Fine v. USA

Filing 17

ORDER denying 12 Movant's motion for reconsideration. Signed on 6/6/16 by Chief District Judge Greg Kays. (Strodtman, Tracy) Modified on 6/6/2016 - Mailed to Movant (Strodtman, Tracy).

Download PDF
IN THE UNITED STATES DISTRICT COURT FOR THE WESTERN DISTRICT OF MISSOURI WESTERN DIVISION STEPHEN MICHAEL FINE, ) ) ) ) ) ) ) ) ) Movant, v. UNITED STATES OF AMERICA, Respondent. No. 15-CV-849-W-DGK-P (Crim. No. 12-CR-268-W-DGK-13) ORDER DENYING MOTION TO ALTER OR AMEND THE JUDGMENT The Court closed this case after denying 28 U.S.C. § 2255 relief to Movant Stephen Michael Fine (“Fine”) and denying him a certificate of appealability. Now before the Court is Fine’s motion to reconsider (Doc. 12). As explained below, the Court is unconvinced that it erred in denying Fine relief. The motion is therefore DENIED. Background Fine pled guilty to four felonies in connection with a methamphetamine conspiracy. At sentencing, the Court found Fine to have at least two prior convictions for “controlled substance offenses,” as defined in § 4B1.2(b) of the U.S. Sentencing Guidelines: distributing a precursor chemical and conspiring to distribute a precursor chemical, both in Kansas in 2005. Under § 4B1.1(a), the Court found Fine to be a career offender and subjected him to an enhanced sentence of 293 months’ imprisonment. Fine’s attorney objected throughout this process, arguing that the prior Kansas convictions did not necessarily involve a controlled substance. Fine moved to vacate his conviction under 28 U.S.C. § 2255, arguing that his attorney was constitutionally ineffective for failing to object to his career offender status. See Auman v. United States, 67 F.3d 157, 162 (8th Cir. 1995). Specifically, he argued that: his convictions involved red phosphorus; red phosphorous is not a controlled substance; therefore his attorney should have presented evidence that red phosphorous is not a controlled substance; but his attorney failed to do so; which led to Fine’s sentence being wrongfully enhanced. Because the transcript of the sentencing hearing undermined Fine’s claim that his attorney failed to object to the sentencing enhancement, and because Fine did not explain what facts would have helped his attorney’s doomed legal argument, the Court denied Fine’s motion. In this motion, Fine emphasizes two exhibits that he previously presented to the Court. The first is the plea agreement he made for his 2005 controlled substance convictions. The second is a “Kansas Sentencing Guidelines Journal Entry of Judgment” for the same case. Neither document mentions red phosphorous. Standard Although Fine styles his motion as one for reconsideration, his motion is more appropriately brought under Federal Rule of Civil Procedure 59(e). Compare Fed. R. Civ. P. 54(b) (reconsideration of interlocutory orders), with Fed. R. Civ. P. 59(e) (amendment of a final judgment). “Rule 59(e) motions serve a limited function of correcting manifest errors of law or fact or to present newly discovered evidence.” Holder v. United States, 721 F.3d 979, 986 (8th Cir. 2013) (internal quotation marks omitted). They may not “be used to introduce new evidence, tender new legal theories, or raise arguments which could have been offered or raised prior to entry of judgment.” Id. Discussion Fine argues that the Court should amend its earlier judgment because he did indicate what evidence his attorney should have presented to support an argument that red phosphorus is not a controlled substance: the plea agreement and journal entry from Kansas state court. These 2 documents do not address whether red phosphorus is a controlled substance. Nor could they; the classification of red phosphorus as a controlled substance is a legal argument, not a factual argument. See United States v. Camp, 410 F.3d 1042, 1047 (8th Cir. 2005). As previously explained, Fine’s attorney made the necessary legal arguments prior to and during sentencing. Fine is understandably dissatisfied with the outcome of those arguments. But once again, he has failed to suggest any legal argument that his attorney was constitutionally required to make, but did not. See Brown v. United States, 656 F.2d 361, 363 (8th Cir. 1981). This motion is simply a rehash of arguments previously raised and denied. Such motions do not merit Rule 59(e) relief. The Court denies Fine’s motion in its entirety. Conclusion For the above reasons, Fine’s Motion for Reconsideration (Doc. 12) is DENIED. IT IS SO ORDERED. Dated: June 6, 2016 /s/ Greg Kays GREG KAYS, CHIEF JUDGE UNITED STATES DISTRICT COURT 3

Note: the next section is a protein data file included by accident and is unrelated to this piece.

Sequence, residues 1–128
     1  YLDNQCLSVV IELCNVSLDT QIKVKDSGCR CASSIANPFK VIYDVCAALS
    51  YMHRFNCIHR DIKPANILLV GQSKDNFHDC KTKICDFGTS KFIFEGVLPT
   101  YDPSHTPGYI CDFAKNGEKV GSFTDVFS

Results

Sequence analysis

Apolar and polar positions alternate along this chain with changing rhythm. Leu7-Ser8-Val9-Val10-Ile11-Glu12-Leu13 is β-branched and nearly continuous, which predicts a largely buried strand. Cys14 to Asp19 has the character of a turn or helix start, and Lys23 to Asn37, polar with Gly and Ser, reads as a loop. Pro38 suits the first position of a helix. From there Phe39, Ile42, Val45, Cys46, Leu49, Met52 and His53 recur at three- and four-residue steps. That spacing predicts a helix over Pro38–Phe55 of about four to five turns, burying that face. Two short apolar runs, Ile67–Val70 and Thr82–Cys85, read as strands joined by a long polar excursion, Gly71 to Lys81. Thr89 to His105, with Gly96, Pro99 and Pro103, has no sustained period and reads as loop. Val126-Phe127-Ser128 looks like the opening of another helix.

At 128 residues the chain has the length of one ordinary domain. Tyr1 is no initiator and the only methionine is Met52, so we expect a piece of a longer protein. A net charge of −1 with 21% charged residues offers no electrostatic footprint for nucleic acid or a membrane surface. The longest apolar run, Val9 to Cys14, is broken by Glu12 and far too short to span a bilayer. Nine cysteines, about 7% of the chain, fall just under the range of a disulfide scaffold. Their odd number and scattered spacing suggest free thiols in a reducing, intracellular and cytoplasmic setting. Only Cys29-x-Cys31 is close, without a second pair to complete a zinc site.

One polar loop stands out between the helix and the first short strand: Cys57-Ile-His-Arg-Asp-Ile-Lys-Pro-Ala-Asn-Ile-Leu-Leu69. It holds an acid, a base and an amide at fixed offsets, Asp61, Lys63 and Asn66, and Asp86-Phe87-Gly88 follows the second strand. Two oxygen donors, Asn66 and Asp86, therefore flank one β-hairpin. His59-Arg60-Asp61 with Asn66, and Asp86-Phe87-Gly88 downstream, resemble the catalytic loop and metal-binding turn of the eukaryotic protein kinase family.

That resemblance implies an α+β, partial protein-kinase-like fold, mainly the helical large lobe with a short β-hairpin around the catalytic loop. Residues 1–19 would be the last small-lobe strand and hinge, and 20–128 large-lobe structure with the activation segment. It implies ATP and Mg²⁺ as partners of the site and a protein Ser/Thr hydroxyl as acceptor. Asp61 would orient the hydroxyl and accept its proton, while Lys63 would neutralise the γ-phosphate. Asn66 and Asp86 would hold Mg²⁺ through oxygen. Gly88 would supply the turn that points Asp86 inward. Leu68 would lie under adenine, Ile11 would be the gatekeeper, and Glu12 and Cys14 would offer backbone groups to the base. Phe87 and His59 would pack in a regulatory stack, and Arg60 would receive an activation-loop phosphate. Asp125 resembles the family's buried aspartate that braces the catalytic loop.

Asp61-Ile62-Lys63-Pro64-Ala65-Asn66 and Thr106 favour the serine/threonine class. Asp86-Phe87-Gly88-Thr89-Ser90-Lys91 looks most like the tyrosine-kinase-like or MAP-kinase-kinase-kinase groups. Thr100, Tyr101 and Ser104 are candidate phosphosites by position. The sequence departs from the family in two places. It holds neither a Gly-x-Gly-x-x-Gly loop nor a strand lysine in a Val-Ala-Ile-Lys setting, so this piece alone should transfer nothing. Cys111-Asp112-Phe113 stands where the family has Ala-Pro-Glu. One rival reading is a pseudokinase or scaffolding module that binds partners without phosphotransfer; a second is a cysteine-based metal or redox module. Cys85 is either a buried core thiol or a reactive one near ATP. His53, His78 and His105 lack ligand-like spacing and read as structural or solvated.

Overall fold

Disclaimer: Justia Dockets & Filings provides public litigation records from the federal appellate and district courts. These filings and docket sheets should not be considered findings of fact or liability, nor do they necessarily reflect the view of Justia.

Why Is My Information Online?